“That is the fantasy that we have for the planet — that some technologic intervention” will save us at the last minute, Van Susteren said. We don’t know that climate tipping points will take control of the planet.

Communication failure

Aaron Bernstein, pediatrician and interim Director of the Center for Climate, Health and the Global Environment, Harvard T.H. The Chan School of Public Health said that while there has been an “unbelievable” transformation in people’s understanding of climate crisis, more attention must be paid to how we communicate it.

Bernstein said that “the challenge is that we continue making the mistake of talking climate change like a polar bear problem rather than a people problem.” Bernstein spoke to CNN. It is important to connect the climate crisis to other issues in order to help people understand it as a threat to their families or themselves. Health, Race, HousingAnd Local environment.
Eric Traugott warms up his young son, Eric Jr., beside a fire outside of their apartment in Austin, Texas, in February 2021. A brutal cold snap that month left millions in the dark and without heat.

We are also running out of options that we can implement on an individual basis. Faith Kerns, a scientist writer and author of “Getting to the Heart of Science Communication. A Guide to Effective Engagement,” says that we are now in a phase of crisis.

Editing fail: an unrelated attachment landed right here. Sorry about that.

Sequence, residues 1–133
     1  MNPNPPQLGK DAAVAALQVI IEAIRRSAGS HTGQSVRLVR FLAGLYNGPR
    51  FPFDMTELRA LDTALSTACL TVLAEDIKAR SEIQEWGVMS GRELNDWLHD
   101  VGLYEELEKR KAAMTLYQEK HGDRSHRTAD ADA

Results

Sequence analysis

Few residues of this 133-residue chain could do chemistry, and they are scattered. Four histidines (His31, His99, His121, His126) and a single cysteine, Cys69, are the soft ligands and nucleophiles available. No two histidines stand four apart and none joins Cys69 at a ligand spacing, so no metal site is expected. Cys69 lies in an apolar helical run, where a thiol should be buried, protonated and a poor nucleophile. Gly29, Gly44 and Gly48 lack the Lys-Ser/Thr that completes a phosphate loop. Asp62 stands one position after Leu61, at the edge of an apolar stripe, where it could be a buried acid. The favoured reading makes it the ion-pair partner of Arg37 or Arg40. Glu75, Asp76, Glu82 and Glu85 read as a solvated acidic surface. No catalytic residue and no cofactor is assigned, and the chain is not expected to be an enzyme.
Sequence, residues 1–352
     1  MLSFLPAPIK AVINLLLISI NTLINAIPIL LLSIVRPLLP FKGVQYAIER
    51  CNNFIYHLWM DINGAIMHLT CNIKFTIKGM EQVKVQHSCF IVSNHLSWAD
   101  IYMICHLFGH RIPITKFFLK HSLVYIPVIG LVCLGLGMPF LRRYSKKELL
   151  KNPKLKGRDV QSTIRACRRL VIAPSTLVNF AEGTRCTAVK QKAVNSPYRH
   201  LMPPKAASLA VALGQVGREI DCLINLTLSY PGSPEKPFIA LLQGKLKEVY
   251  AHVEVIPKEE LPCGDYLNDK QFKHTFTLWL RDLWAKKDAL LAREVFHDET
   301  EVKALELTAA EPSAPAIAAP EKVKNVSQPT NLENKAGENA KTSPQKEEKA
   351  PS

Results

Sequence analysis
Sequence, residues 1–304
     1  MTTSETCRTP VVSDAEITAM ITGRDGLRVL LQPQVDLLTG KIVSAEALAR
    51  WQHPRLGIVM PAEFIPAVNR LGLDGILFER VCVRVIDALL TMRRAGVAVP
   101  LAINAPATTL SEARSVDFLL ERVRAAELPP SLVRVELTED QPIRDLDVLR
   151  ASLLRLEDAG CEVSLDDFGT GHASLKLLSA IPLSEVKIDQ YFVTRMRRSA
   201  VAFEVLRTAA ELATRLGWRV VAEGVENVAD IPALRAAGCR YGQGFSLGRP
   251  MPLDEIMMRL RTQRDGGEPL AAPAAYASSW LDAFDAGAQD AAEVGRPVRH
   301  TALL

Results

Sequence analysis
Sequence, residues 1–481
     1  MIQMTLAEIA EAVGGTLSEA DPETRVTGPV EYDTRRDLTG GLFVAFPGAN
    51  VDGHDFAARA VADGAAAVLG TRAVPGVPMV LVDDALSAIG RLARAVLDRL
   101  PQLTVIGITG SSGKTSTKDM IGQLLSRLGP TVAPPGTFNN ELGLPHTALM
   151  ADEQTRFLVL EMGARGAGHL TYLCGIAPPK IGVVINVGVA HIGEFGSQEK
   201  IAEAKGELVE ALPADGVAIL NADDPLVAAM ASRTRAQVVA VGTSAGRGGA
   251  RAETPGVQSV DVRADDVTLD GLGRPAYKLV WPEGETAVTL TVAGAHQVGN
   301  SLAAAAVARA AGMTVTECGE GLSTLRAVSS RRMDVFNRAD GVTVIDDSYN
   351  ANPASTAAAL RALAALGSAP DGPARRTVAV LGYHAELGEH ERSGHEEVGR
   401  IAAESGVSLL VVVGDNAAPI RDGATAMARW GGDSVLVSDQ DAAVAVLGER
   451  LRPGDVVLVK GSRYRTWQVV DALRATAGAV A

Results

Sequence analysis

Ditching fossil fuel subsidies can trigger unrest. Keeping them will kill the climate

“To me, it really comes down to homing in on what this systemic-versus-individual level of understanding is,” Kerns said. Kerns says the question is, “How do we encourage people who doubt science, as well people in power, to see the urgency and take immediate action?”

People care about their own health, especially when it is at risk. Gaurab Basu, a Harvard Medical School professor and physician, said that describing the climate crisis as a matter of equity and health is a way to make people realize the severity of the threat.

Basu said that “the truth is that greenhouse gases emissions are abstract and can be perceived not to impact people’s day, or the lives and loved ones of their loved ones.” “And so I believe that our job is to translate science and research into tangible benefits for people and the people they love.